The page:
One la-di-da detail: in the early years of the Britannia’s life it also made room for the Queen’s Rolls-Royce Phantom V, which was hoisted and lowered from a special garage compartment at port so the Queen could drive her own car at each location.
Did I mention that four royal couples used the ship for at least part of their honeymoons, Princess Margaret and Lord Snowdon, and Di and Charles, among them.
Britannia’s final formal mission? A poignant one. An end upon an end. It took place on July 1, 1997, to transport the last governor of Hong Kong, Chris Patten, and Prince Charles back from the island after the handover of Hong Kong to China.
As far as the current jubilee goes, the royal yacht is getting in on the nostalgia, too. To mark the occasion, former crew returned this week for Yotties Week. “The teak decks will be bustling with the padding plimsolls of 65 former Royal Yachtsmen who are returning to their duties on Britannia once again,” as its official website previewed. Bring on the white overalls, gents! Also on the agenda: a special behind-the-ropes Platinum Jubilee Private Tour of Britannia — tea included (no need to carry your own bags, people).
One so-called Yottie, Dave Rushforth, who once worked in its engine room — handling the generators, the boilers, the steam turbines, etc. — walked down his particular part of memory lane in an interview with the Scotsman newspaper a few years ago: “The machinery ran 24 hours a day. Away from home, we rarely took shore power, so the boilers would have to be fired and the generators run to provide electricity. When we went deep sea, if we had a problem and needed a spare part, then we made one in the workshop.”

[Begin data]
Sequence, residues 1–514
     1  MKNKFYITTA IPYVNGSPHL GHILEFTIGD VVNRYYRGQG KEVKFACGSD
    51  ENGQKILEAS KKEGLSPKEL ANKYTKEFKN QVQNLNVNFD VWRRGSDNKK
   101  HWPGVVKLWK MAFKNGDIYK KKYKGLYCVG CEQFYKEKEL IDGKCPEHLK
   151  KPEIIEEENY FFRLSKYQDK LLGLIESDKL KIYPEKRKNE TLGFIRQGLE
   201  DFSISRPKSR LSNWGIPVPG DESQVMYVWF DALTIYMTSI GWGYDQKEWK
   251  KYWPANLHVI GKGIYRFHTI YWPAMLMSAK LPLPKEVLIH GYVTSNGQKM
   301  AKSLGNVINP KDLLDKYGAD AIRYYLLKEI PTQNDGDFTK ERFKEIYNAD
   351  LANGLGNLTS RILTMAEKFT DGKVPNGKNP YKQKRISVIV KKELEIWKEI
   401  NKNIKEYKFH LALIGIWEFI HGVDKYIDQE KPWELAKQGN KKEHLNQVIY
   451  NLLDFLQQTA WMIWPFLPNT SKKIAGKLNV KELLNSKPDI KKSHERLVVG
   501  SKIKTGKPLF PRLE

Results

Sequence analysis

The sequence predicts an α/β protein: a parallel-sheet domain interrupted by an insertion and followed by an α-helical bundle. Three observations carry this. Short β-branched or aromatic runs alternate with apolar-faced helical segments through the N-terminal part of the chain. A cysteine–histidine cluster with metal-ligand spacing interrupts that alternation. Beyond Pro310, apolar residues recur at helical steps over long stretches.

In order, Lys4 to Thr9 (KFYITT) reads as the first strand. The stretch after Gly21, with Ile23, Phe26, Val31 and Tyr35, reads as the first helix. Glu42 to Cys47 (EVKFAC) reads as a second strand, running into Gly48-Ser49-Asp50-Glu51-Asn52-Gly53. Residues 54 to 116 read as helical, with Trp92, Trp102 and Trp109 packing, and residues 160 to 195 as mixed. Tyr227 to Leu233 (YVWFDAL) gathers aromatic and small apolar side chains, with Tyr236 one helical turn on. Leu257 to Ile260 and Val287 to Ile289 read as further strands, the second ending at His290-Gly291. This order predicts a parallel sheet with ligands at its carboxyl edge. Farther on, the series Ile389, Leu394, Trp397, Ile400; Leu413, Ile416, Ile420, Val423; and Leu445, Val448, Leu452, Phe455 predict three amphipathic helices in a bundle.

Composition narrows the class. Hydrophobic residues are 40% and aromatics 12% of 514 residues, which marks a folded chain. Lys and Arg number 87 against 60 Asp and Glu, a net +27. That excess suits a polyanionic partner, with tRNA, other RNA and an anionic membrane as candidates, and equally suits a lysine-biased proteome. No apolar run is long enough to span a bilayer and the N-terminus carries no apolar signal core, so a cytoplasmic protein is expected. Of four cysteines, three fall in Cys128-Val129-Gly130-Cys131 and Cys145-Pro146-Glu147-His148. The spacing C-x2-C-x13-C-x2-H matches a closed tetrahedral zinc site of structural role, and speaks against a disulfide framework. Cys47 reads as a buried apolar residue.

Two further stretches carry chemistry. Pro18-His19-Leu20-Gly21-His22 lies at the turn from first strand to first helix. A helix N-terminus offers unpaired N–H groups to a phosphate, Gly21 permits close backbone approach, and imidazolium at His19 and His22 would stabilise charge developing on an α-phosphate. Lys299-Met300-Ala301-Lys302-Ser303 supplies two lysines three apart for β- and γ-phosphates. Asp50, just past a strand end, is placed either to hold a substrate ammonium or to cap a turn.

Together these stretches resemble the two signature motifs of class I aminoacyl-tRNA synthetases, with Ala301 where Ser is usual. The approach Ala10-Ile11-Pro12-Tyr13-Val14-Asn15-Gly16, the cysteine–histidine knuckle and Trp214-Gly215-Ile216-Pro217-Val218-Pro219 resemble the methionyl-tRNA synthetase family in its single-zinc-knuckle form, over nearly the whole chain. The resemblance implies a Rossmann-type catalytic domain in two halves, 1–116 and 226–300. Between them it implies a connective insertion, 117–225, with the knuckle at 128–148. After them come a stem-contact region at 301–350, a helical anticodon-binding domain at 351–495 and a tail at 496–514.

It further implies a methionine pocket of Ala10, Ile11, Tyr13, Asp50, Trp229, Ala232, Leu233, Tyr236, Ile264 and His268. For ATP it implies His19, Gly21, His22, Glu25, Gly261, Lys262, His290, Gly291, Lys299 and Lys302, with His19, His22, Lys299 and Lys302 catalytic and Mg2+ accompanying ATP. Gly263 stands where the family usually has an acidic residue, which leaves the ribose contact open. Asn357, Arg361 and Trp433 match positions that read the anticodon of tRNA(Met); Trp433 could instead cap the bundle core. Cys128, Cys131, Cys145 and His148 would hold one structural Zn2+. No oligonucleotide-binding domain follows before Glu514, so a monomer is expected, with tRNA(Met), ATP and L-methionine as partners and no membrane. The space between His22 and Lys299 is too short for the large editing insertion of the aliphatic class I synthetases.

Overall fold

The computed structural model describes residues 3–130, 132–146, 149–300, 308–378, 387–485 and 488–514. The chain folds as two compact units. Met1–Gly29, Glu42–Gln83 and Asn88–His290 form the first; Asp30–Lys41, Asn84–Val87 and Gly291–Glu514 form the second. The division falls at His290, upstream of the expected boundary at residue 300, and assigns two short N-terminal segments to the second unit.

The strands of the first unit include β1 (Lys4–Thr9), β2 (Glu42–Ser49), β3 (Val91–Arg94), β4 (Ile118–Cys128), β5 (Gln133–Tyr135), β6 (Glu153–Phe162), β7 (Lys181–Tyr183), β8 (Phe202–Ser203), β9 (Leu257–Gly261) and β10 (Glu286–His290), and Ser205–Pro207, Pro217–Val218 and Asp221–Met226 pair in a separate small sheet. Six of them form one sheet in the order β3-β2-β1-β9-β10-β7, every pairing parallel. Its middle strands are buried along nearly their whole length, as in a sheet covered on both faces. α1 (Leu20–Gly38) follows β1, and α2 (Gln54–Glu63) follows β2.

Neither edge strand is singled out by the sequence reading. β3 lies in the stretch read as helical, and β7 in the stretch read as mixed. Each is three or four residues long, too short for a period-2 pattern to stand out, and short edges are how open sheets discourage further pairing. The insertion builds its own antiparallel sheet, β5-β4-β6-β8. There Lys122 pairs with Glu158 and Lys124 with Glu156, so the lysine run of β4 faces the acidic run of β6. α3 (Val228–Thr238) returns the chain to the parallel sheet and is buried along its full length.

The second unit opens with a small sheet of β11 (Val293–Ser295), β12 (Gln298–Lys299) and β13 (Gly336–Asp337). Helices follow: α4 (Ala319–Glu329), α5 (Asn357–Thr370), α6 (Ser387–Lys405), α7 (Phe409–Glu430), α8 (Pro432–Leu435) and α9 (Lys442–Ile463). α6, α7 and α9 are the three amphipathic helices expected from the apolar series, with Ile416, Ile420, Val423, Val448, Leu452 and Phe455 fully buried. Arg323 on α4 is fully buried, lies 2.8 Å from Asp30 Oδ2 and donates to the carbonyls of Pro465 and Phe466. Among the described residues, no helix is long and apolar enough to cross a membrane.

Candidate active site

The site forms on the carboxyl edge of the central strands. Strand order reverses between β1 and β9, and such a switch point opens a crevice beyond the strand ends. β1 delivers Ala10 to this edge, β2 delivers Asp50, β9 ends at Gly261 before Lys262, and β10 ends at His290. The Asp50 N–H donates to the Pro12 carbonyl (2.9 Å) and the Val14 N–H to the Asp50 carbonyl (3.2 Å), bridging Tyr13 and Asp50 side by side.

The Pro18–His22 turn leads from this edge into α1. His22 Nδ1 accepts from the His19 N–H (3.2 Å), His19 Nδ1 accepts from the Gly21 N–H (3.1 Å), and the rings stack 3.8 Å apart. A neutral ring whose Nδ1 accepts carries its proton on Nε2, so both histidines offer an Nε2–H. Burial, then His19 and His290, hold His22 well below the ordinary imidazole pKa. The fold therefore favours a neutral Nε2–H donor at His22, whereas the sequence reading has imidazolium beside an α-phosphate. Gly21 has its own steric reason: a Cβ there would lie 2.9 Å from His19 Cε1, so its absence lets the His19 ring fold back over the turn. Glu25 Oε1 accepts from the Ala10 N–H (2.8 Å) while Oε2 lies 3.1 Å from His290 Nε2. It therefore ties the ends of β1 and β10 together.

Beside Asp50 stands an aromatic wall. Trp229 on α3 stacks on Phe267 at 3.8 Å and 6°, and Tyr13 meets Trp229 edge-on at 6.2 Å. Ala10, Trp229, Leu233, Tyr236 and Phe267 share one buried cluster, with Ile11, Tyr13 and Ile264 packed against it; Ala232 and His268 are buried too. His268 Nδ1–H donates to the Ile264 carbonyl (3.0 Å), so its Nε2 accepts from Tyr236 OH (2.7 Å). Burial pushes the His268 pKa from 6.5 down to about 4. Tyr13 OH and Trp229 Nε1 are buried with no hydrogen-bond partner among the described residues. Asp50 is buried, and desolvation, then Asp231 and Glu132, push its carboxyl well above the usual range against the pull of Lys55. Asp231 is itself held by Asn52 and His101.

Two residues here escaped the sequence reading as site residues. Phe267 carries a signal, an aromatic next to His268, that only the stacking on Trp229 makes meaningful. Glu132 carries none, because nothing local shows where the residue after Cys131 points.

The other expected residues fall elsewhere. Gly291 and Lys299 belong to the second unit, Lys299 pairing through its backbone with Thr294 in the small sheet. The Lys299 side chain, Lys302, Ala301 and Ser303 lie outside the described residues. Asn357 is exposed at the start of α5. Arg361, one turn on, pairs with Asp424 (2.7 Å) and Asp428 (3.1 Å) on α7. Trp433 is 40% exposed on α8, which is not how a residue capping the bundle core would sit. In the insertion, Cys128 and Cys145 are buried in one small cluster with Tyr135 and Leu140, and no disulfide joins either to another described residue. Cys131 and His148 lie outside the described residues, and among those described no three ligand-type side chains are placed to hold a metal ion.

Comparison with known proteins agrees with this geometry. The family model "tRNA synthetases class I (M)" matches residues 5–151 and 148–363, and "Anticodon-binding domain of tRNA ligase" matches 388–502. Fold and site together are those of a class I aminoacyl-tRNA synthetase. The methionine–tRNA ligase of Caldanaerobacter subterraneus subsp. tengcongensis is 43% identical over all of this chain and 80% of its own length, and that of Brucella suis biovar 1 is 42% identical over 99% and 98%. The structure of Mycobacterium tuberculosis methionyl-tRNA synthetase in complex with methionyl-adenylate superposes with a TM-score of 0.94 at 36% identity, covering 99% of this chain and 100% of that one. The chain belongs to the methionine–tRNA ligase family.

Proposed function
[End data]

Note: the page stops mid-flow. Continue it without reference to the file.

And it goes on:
Along the way, Rushforth sailed to the American Bicentennial and the Montreal Olympic Games, through the Panama Canal, down to Rarotonga, Tahiti, through the West Indies and more.
Jeff Stoddard, who worked in the main gallery, chimed in about the food requirements at sea: “We had 250 hungry sailors to be fed three times a day. We had to prepare chips for two meals a day. If chips weren’t on the menu there’d be a mutiny.” Scotch eggs, croquettes, Danish pastries, everything was homemade. A favourite dish? One dubbed Babbie’s Heads was steak and kidney pudding. The Royal Family, of course, brought their own head chef.
If it’s good enough for the Windsors … it’s good enough for the Crawleys? So it would appear, given that the Jubilee year coincides with another big moment in the sun for the Royal Yacht. It actually is seen in the new Downton Abbey movie “A New Era,” which just hit theatres. Used mainly as a set, the ship is the transport of choice for the family as they set sail to a villa in the South of France that the Dowager Countess of Grantham has inherited. And though it looks, at times, like they are on the open sea, it is — I confirmed — just the magic of CGI. The Britannia no longer moves.
God save the queen. He could not save her yacht.